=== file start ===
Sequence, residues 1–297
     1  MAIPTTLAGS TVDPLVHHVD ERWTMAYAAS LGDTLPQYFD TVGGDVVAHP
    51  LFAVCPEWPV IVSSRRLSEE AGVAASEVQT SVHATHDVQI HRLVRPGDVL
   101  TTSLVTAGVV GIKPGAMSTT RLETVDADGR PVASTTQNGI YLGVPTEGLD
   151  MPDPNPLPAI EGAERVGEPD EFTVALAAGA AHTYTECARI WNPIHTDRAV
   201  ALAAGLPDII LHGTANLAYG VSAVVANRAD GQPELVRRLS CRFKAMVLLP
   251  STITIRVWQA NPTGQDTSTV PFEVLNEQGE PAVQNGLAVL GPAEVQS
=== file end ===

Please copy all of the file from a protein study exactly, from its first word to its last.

Sequence, residues 1–297
     1  MAIPTTLAGS TVDPLVHHVD ERWTMAYAAS LGDTLPQYFD TVGGDVVAHP
    51  LFAVCPEWPV IVSSRRLSEE AGVAASEVQT SVHATHDVQI HRLVRPGDVL
   101  TTSLVTAGVV GIKPGAMSTT RLETVDADGR PVASTTQNGI YLGVPTEGLD
   151  MPDPNPLPAI EGAERVGEPD EFTVALAAGA AHTYTECARI WNPIHTDRAV
   201  ALAAGLPDII LHGTANLAYG VSAVVANRAD GQPELVRRLS CRFKAMVLLP
   251  STITIRVWQA NPTGQDTSTV PFEVLNEQGE PAVQNGLAVL GPAEVQS